Japan’s Nikkei share average on Wednesday recovered all of the previous day’s loss, helped by Wall Street’s rise and a weaker yen, as worries sparked by North Korea firing a missile over Japan receded.
The Nikkei, which on Tuesday hit a fourth-month low and ended 0.5 percent down, climbed 0.7 percent to 19,506.54.
North Korea’s launch of a ballistic missile over Hokkaido island into the sea on Tuesday had triggered steep losses in the market, sending the Nikkei to the lowest since May 1.
Traders said North Korea-related concerns may persist and the Nikkei may fall 100-200 points if there is another missile test. But they added that such concerns can fade when stock valuations become cheap and investors hunt for shares of firms with a strong outlook.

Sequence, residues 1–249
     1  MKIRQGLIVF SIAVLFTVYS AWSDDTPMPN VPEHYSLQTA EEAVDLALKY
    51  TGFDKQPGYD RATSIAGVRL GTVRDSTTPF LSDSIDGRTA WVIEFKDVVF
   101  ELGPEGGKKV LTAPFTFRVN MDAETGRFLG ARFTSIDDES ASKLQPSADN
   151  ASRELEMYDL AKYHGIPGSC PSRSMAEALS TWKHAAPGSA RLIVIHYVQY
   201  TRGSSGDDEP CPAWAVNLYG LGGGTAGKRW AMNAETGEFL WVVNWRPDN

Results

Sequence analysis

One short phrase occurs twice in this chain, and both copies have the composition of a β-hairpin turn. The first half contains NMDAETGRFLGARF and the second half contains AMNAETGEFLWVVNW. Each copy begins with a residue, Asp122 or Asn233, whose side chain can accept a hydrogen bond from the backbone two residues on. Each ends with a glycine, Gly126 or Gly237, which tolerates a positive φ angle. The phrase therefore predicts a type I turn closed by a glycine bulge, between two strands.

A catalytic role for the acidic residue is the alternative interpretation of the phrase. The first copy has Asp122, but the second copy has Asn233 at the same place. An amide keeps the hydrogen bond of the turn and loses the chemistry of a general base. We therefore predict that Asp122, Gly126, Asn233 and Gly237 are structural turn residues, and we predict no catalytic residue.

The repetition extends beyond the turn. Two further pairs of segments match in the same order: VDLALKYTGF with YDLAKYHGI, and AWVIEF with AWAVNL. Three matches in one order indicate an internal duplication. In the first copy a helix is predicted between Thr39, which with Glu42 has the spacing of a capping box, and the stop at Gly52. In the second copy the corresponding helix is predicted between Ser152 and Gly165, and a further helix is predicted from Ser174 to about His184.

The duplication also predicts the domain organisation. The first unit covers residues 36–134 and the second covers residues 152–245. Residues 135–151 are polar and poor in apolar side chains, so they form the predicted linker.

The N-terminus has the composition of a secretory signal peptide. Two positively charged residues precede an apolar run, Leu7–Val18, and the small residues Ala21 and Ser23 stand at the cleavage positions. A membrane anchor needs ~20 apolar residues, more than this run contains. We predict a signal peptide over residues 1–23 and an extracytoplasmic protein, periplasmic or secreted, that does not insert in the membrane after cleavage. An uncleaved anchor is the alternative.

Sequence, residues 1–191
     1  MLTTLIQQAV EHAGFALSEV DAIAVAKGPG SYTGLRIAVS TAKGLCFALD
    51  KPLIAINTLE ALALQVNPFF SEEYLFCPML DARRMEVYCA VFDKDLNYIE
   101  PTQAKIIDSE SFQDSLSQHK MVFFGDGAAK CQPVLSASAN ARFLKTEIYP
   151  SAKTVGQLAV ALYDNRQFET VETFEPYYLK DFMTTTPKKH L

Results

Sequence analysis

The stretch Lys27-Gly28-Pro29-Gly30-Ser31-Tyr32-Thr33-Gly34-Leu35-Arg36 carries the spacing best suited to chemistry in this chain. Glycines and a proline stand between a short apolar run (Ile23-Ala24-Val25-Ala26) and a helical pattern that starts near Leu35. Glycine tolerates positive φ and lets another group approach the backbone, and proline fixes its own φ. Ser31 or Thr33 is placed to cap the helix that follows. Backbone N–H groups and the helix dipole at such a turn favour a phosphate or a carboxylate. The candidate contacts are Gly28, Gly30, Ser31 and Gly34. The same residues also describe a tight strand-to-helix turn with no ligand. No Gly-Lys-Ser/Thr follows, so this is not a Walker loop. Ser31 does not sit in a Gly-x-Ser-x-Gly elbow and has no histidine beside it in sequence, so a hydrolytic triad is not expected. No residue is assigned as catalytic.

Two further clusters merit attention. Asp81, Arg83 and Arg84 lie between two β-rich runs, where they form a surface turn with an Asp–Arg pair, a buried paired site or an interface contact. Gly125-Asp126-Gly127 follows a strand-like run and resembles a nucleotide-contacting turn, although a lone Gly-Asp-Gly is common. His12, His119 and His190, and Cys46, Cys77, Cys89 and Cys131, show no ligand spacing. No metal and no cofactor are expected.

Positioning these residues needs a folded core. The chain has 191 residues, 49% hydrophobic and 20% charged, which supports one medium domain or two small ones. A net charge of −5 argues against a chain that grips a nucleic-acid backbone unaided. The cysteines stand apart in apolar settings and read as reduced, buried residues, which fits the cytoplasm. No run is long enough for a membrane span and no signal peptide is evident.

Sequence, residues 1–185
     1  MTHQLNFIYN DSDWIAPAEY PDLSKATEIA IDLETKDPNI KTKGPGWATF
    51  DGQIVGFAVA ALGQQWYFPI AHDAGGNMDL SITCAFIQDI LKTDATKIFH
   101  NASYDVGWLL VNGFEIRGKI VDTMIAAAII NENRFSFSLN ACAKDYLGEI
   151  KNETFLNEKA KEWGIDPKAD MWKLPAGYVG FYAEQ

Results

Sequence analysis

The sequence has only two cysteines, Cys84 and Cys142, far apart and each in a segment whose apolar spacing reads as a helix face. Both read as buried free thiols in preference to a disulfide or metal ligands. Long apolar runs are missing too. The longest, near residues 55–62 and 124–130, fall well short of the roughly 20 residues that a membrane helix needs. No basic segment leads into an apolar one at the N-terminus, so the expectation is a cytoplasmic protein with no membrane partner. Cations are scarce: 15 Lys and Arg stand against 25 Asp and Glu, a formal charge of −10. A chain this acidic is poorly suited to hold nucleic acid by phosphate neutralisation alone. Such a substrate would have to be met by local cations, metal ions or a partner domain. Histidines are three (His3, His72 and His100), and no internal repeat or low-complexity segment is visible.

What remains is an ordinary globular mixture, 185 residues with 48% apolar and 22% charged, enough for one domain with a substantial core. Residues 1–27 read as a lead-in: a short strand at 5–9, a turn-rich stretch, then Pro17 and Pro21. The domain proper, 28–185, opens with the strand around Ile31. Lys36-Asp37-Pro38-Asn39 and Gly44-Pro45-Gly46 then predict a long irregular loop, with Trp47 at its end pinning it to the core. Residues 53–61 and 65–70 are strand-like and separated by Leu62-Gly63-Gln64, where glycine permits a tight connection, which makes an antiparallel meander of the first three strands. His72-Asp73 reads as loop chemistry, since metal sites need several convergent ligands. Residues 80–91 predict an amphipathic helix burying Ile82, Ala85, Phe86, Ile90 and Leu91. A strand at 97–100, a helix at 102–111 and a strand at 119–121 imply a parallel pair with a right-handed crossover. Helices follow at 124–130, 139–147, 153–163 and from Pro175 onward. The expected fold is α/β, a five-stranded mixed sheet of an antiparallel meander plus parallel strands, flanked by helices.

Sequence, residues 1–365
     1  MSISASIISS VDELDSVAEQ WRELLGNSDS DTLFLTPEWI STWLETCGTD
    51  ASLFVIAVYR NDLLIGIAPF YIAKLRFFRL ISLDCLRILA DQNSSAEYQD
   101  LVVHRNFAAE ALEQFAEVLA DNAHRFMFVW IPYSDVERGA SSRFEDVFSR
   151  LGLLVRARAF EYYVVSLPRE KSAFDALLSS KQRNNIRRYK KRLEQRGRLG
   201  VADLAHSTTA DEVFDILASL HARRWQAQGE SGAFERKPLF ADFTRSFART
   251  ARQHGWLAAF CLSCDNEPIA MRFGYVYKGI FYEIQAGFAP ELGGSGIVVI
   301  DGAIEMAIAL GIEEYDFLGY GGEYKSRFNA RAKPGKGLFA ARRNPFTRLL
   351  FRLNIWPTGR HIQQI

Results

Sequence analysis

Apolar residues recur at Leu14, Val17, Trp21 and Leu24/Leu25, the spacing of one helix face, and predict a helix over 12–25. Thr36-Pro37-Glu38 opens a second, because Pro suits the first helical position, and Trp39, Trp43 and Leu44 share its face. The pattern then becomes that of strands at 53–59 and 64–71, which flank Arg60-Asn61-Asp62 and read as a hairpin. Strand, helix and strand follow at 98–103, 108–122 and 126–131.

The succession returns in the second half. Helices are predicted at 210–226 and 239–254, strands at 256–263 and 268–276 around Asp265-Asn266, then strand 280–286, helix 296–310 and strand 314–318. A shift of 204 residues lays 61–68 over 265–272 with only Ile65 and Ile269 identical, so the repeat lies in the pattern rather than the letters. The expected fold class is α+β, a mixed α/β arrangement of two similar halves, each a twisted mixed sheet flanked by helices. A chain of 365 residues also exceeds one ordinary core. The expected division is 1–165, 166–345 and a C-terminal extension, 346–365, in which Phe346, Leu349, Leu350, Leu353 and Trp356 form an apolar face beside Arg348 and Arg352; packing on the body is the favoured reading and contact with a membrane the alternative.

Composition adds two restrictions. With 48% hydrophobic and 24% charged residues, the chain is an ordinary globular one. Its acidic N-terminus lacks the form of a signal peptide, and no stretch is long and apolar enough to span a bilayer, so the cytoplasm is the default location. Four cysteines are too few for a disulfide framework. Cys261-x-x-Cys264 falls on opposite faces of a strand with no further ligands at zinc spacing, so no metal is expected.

“Yesterday’s incident is considered to be one of those threats by North Korea. Unless there is military action taken by either North Korea or the United States, the market will likely rebound quickly,” said Toru Ibayashi, executive director of wealth management at UBS Securities in Tokyo.
Exporters gained ground after the dollar last traded at 109.85 yen, having recovered from Tuesday’s low of 108.265 yen, which was the greenback’s lowest level since mid-April.
Hitachi Ltd gained 2.8 percent, Panasonic Corp added 0.8 percent and Keyence Corp rose 1.5 percent.
Dunlop Sports jumped 15 percent after the sports goods maker said it would merge with Sumitomo Rubber Industries .
The broader Topix gained 0.6 percent to 1,607.65. (Reuters)